May 4, 2008

"Are we to look at cherry blossoms only in full bloom, at the moon only when it is cloudless?"

Wrote Yoshida Kenkô in one of my favorite books "Essays in Idleness."
"To long for the moon while looking on the rain, to lower the blinds and be unaware of the passing of the spring—these are even more deeply moving. Branches about to blossom or gardens strewn with faded flowers are worthier of our admiration."
I found the quote in the Stanford Encyclopedia of Philosophy, in an article on Japanese Aesthetics.

Cherry petals

I'm not saying my attitude was anything Japanese —
The blossoms of the Japanese cherry trees are intrinsically no more beautiful than those of, say, the pear or the apple tree: they are more highly valued because of their transience, since they usually begin to fall within a week of their first appearing. It is precisely the evanescence of their beauty that evokes the wistful feeling of mono no aware in the viewer.
— but we paused among the fallen petals yesterday in Brooklyn:

Cherry petals

The branches of that cherry tree are seen in the upper right corner of this photograph, taken at the end of March, before there were any blooms.

WWII Monument

This large, intransient monument is in Cadman Plaza. You can read the inscription on it here.


Tom said...

Wow! you have to love those red socks ...

rhhardin said...

Cherry blossoms are the American Idol of flowers. It's typical that the Japanese like them.

A flower that you notice only once every few years, on some roadside : that's a real flower.

I haven't seen a Star of Bethlehem in a while, for instance. I've only seen the one.

George said...

Whaddya know—Brooklyn, death, anesthesia, Japan, flowers, and philosophy all in one internet.

Lady, you put some baseball in dis and you might be onto something.

JohnAnnArbor said...

rhhardin, remember that the Empire of Japan gave us the famous cherry trees in Washington, sometime before the first world war.

Bissage said...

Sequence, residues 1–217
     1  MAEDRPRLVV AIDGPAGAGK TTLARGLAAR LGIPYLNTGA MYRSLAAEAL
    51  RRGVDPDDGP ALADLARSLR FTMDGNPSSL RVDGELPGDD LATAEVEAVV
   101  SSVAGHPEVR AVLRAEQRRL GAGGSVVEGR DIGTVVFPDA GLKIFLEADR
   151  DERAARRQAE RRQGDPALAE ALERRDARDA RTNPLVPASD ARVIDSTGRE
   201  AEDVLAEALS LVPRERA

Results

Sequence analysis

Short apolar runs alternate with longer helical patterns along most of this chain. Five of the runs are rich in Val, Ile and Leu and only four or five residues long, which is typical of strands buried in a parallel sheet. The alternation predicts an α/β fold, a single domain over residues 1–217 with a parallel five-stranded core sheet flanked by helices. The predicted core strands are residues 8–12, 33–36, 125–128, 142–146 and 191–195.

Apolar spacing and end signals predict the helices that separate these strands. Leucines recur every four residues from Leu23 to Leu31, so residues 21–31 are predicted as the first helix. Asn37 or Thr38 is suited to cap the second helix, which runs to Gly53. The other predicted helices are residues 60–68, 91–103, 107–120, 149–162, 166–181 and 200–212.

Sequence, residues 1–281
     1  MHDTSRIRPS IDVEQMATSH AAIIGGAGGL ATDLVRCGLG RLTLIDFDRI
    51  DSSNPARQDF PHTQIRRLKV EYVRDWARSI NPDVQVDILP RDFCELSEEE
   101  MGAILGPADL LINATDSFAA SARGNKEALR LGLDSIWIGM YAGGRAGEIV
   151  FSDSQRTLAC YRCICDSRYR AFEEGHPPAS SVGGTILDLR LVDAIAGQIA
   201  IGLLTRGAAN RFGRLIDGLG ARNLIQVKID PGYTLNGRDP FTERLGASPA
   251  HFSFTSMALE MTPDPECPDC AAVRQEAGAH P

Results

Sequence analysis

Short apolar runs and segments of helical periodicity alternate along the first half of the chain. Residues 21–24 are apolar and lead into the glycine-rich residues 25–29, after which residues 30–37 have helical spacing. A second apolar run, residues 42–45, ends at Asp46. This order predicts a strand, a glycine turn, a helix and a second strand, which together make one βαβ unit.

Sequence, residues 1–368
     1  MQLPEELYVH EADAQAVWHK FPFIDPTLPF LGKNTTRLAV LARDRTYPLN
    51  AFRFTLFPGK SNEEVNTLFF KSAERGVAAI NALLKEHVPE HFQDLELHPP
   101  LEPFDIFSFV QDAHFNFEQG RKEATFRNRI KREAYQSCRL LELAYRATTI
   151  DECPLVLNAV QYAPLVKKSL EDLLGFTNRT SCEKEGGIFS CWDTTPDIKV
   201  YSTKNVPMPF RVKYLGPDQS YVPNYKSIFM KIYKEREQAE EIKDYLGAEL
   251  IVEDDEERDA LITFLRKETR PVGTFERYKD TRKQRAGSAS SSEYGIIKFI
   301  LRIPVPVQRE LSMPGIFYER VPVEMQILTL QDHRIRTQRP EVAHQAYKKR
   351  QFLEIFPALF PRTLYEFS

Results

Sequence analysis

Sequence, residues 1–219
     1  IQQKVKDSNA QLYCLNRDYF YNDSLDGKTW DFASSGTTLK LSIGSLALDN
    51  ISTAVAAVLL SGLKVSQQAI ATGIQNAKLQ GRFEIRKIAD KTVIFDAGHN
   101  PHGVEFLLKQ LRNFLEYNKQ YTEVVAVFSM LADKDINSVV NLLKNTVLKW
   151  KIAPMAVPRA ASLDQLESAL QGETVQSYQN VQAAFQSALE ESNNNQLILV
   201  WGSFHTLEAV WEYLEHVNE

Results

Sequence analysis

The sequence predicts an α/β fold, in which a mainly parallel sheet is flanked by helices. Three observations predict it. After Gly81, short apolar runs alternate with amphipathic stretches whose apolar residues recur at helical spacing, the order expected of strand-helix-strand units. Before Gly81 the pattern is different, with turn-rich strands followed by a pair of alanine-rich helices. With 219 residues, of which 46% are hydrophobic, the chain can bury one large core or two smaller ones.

Well, I’ve been thinking and thinking and thinking and I still can’t come up with a comment good enough for that photo of Althouse holding the cherry petals, it’s so lovely.

Sometimes we get overwhelmed by the significance of beauty and become speechless.

Trooper York said...
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Chip Ahoy said...

Did you nick that branch for a go at your own ikebana? Should have got one with buds.

That am a lovely portrait, the one with the scooped pedals, whoever took it. Congratulations.

>photography notation<
Some cameras (like my entry-level EasyShare) have a back light option that works things out in that situation. They also make polarizing filters. Both options would reduce the glare from the sidewalk, and are fun to play with. Also, using my mad Photoshop®™skilz, I could carefully isolate that area and increase contrast ever so slightly.
>/photography notation<

But all of this reminds me of my mostest favoritestest haiku of all time:

My barn burned down.
Now I can see the moon.

Now if you're counting syllables and declaring that's not a proper haiku, it's translated from Japanese and they're altogether different. ← + ↑ 100% of fact.

Trooper York said...
This comment has been removed by the author.
amba said...


Does that mean it will last forever?

Chip Ahoy said...


The real deal

Tons of versions including sung, on YouTube. flute, piano, guitar, etc. Must include "folk song" in search or else you get the cartoon.

To sing along, and who doesn't?

sa ku ra sa ku ra ya yo i no so ra ---wa
mi wa ta su ka gi --ri ... ka su mi ka ku mo --ka
ni o i zo i zu --ru ... i za ya i za ya
mi ni yu -- ka n